Review: Wild Sky – Zaya Feli
by Zaya Feli
Publication Date: August 24, 2020
Genres: Romance, Fantasy
Source: A Novel Take PR
I received an advance review copy of this book from A Novel Take PR. This does not affect my opinion of the book or the content of my review.My rating:
Tauran Darrica has been retired from the Valreus Sky Guard for four years following the Battle of the Broken Wings that resulted in the death of his dragon. Now, all Tauran wants to do is spend his days forgetting the past and gambling his way to an unsteady income.
So when his old general from the Sky Guard hunts Tauran down to request his help with staving off the increasingly aggressive wild dragon population, Tauran refuses. But a fire ruins his rented room and leaves him without a place to stay, and Tauran finds himself on the road to Valreus, after all.
Tauran is determined to stay as far away from dragons as he can get, but a starry-eyed young man from Sharoani, land of the wild dragons, might just ruin his plans.
Kalai Ro-Ani has spent his life watching the stars, knowing he could never reach them. With his wild dragon Arrow, he sets out for the city of Valreus in the hope of building himself a better future than he could have stuck at the foot of the Kel Visal dragon temples.
But nobody told Kalai that only the Sky Guard is allowed to own dragons, so when Arrow kills a guard in Kalai’s defense, it looks like his adventure might be over before it can begin. But a chance encounter at the old Valreus archive offers Kalai the future he’d been hoping for. In the span of a single day, he has a home, a job, and a purpose.
In Valreus, something much bigger falls into his lap – along with a tall and striking Valrean man with a rather strange disposition.
A new, LGBT+ fantasy story from Zaya Feli, featuring dragons, aerial battles and epic journeys through dangerous wilderness.
Content warnings: View Spoiler »alcoholism, PTSD, grief (death occurs before book starts but is recounted on page), violence against semi-sentient animals, drug addiction and withdrawal, medical abuse (characters are given intentionally addicting drugs under guise of another medicine), mild reference to self-harm/suicide (side character has scars) « Hide Spoiler
Tauran was the hotshot Sky Guard dragonrider, cocky and sure of himself and his place in the world. All that changed after rebellion in the Sky Guard culminated in a battle that left his dragon dead and him a broken man. He swore he’d never return to Valreus, but reports of war, wild dragon attacks, and (most importantly) a fire at his lodgings lead him back into his old life. The only bright side? Meeting the new archivist, Kalai. Newly arrived in the country, Kalai’s surprised to fall into the Sky Guard archivist job, but a big perk is spending time with Tauran. But it doesn’t take long before both men start to realize that things aren’t right in Valreus. Against the backdrop of a new war and nefarious intentions, can Tauran and Kalai’s fragile new relationship stand a chance?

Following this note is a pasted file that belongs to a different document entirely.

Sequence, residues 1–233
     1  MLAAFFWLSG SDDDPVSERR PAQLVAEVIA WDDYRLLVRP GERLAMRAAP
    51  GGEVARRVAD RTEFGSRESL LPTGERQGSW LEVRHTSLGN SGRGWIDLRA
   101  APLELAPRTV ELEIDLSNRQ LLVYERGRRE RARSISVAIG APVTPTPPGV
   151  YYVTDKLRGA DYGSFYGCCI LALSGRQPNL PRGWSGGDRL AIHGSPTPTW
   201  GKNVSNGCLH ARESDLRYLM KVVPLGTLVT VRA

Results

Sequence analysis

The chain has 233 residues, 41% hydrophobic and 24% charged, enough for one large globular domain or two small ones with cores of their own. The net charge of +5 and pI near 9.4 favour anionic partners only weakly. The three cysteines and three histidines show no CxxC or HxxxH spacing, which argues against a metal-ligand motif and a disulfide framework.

“Oh, the things he would do for beautiful boys and their illegal dragons.”
At the beginning of the book, Tauran is so mired in his grief and depression that it’s hard to get a good read on his character, but as time goes on, it becomes clear that he excels at taking charge and protecting those that are his. In contrast, Kalai’s very much a gentle caretaking soul, very bookish and sweet. They complement each other well, though, and from the start their slow-burn relationship is quite sweet. Both characters have physical limitations that impact the story. Tauran was badly injured in the battle that killed his dragon. Physically, his leg never fully healed and frequently causes him a great deal of pain. Mentally, he’s mired in a stew of grief and anger at the rebels, part of which is reflected in his new fear of heights. Kalai has a fainting disorder that’s exacerbated by heights or stress, so he’s been resigned, more or less, to never being a dragon rider. Both men help the other – not fix, help – cope and come to terms with their issues.
“You just need someone who’ll let you fly, someone you can trust to be there if you fall. And you have no idea how proud I am that I get to be that person.”
The world-building is fascinating and unique and very LGBT-friendly. No one blinks an eye at Tauran and Kalai’s relationship, plus there’s a fairly significant trans side character. But my absolute favorite part was the dragons. I loved Arrow, Kalai’s dragon, and was especially fond of Leyra, who we get to watch grow from an egg to, well, a much bigger dragon. It’s a chonker of a book – 764 pages! – and everything moves along at a sedate pace. The big intrigue doesn’t even really get going until halfway through the book. That’s not to say that nothing happens – rather, we have lots of little moments that are balanced between Tauran and Kalai slowly building relationship and the necessary world building to help set up the rest of the plot. There were times I wished the book would just hurry up already, as I tend to prefer more fast-paced plotting, but it did make the book, betrayal plots and all, into a very soothing experience. As for other cons, I didn’t buy parts of the ending – the ease with how some of the political stuff was resolved was eyebrow raising for me – but I was fully sold on the HEA, so I’ll count that a minor quibble. I don’t think I would even have noticed it if it hadn’t been for the otherwise stellar worldbuilding.
Overall, this book is an adorable, leisurely fantasy romance. Recommended for anyone looking for something sweet and sedate but with plenty of humor and action.